As the weather starts to get prettier, more families are heading out to the zoos, parks, and public amusement parks. The probability of losing a child in these places is slim, but the possibilities are there. It’s always a good idea to make sure everyone is prepared and has a plan in place for emergency separations. Follow these 5 Tips to Keep your Kids Safe in Public Places so everyone will be able to rest easier. You will know that if something unplanned happens and someone gets lost, then the outcome will be quick reconciliation.
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5 Tips to Keep your Kids Safe in Public Places
Snap a Picture:
One mom I spoke with says she always takes a picture of the kids before they begin their public adventure. That way if one of the kids does get separated, she will be able to show a picture rather than just give a verbal description. With the ease of messaging and sharing across the mobile devices, imagine how helpful this would be in the case of a missing child. No one would have to guess what the child looks like, they would be able to see a picture from that very day with the child’s clothes, hair etc.
While speaking with a representative from the Park Ranger Department of the Knoxville Zoo, he suggested one extra thing that would make this picture even more helpful. Take the picture next to a landmark in the park. If the child is standing next to the statue of the rhino or beside the zoo welcome sign, it will be very easy to get a more exact idea of how tall the child is.
If you don’t have a picture, then at least make sure you can remember a detailed description of the clothes a child is wearing. Be specific – logo and pattern in addition to color.
Attach your cellphone number:
If your kids are old enough, they should all memorize your cellphone number. A home number does little good in a situation where people are separated. On a school zoo trip I recently took, the teacher distributed the cell phone numbers for all the chaperones so that we could all get in contact easily throughout the day.
If your child doesn’t know your cell phone number, write it on a tag inside their shirt, put your contact information inside their backpack or use a safety lanyard. There are even products that you can attach to shoes or use as temporary tattoos or stickers.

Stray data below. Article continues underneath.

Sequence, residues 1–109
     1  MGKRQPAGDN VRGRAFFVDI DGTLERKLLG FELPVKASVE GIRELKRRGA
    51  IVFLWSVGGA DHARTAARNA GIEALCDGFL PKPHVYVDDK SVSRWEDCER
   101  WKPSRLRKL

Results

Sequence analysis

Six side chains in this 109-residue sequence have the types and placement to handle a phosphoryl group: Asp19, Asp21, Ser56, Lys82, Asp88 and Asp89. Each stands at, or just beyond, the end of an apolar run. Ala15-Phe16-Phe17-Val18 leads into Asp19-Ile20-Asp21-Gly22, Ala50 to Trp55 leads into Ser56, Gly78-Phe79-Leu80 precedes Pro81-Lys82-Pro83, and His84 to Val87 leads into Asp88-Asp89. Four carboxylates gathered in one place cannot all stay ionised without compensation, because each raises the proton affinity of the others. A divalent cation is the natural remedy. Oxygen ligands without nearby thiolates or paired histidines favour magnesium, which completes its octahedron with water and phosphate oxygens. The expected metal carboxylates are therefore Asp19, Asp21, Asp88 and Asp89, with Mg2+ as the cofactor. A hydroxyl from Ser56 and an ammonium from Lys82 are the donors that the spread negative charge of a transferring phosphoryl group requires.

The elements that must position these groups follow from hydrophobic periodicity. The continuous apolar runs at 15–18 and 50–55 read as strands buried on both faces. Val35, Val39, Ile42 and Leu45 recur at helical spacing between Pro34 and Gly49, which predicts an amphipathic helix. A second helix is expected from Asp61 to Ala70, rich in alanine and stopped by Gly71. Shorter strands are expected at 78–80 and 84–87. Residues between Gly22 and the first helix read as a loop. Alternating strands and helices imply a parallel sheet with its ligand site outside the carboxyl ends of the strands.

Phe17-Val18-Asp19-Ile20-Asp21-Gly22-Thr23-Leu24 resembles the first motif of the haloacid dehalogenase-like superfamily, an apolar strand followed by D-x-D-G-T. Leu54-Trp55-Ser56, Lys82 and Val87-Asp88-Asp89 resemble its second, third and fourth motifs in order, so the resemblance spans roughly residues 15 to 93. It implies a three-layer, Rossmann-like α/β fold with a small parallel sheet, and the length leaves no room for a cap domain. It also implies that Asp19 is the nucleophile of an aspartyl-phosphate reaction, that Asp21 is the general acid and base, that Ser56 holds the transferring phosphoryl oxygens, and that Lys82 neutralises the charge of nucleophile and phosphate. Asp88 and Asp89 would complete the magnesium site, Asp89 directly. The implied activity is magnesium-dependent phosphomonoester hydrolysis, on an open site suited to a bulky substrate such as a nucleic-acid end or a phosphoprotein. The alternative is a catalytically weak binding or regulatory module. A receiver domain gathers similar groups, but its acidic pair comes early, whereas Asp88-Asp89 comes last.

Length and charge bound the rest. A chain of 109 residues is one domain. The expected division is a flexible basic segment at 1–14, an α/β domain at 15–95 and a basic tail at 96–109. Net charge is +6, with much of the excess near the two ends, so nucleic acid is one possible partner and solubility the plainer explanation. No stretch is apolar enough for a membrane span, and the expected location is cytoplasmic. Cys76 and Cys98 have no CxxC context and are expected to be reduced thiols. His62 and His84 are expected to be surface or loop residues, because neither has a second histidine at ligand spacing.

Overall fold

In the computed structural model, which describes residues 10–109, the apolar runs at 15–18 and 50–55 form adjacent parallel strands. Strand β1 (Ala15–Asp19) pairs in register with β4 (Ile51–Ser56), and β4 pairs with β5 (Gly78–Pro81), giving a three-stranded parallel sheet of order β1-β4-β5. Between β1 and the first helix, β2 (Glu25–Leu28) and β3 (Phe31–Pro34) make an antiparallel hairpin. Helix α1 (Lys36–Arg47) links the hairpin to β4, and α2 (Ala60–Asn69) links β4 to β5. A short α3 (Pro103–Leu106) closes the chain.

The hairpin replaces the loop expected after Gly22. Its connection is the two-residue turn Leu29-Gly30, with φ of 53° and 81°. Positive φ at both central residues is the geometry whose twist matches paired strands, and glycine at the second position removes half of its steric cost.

Teach the child to stay put.
When you go to a zoo or park, the child should know to stay where they last saw their parent. It is easier for the safety personnel and Park Rangers to find a child if they know the area to start looking rather than hearing that a child has been instructed to head toward the front gate. Establish a protocol so the children and the parents know what the other person is going to do.
Find the Safe People:
We have always told our children that if they ever get separated, they should look for the safe people and go to them immediately. Safe people include police officers, official employees or moms with young children. When you first get to a zoo or park, point out the staff members. Typically they will all be wearing the same sort of shirts or badge. These people will have two way radios and be able to immediately contact other park rangers and help coordinate a reunion.
Wear the right colors:
Some families or groups make a point to all wear the same color shirts on public trips. This helps in a quick glance to make sure everyone is accounted for.
While speaking to the representative from the Park Ranger Department of the Knoxville Zoo about safety procedures, he mentioned again that it is never a bother for a parent to approach a park staff member with a concern about a missing child. They would much rather have false alarms rather than have you wait till there is a real problem and then have the situation turn more serious.
Do you talk to your kids about what to do in unplanned emergency situations? Have you got any tips that you use to keep everyone safe and connected in public places? I’d love to hear!